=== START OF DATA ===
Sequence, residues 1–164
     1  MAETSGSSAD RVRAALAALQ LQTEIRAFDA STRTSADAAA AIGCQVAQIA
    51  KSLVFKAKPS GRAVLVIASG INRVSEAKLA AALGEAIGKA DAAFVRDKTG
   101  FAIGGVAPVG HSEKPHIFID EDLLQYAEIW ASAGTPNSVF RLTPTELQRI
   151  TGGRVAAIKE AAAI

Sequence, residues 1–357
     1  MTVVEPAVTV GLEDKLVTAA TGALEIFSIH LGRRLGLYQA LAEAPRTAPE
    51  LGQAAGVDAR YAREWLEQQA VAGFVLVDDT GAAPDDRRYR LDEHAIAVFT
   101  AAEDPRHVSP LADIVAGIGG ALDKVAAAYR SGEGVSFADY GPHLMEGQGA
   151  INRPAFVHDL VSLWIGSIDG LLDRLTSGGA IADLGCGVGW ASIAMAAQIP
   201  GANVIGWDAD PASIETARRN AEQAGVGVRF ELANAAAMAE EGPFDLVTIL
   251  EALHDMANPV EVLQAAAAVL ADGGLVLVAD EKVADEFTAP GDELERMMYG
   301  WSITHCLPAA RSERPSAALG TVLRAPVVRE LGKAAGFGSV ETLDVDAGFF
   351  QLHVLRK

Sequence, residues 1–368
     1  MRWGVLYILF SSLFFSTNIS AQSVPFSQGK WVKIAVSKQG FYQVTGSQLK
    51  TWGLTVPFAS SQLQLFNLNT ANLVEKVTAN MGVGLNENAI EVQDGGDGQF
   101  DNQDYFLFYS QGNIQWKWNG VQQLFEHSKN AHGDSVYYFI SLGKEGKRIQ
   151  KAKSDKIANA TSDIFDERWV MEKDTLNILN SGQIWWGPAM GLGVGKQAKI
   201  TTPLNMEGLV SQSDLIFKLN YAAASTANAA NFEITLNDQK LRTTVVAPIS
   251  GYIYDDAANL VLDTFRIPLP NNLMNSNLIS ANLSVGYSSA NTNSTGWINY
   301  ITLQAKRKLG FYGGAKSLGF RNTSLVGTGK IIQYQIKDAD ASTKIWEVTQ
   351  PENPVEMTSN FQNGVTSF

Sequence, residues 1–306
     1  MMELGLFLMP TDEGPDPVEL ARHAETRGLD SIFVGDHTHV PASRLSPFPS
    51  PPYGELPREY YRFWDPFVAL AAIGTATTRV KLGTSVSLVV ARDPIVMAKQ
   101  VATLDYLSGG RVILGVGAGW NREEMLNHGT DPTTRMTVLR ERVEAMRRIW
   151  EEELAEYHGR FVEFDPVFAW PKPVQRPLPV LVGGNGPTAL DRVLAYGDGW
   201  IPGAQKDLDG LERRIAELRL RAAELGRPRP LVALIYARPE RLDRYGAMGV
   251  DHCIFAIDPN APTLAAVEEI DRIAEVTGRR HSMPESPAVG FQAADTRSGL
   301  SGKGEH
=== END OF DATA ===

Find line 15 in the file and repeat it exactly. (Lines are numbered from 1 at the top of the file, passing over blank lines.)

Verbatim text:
Sequence, residues 1–368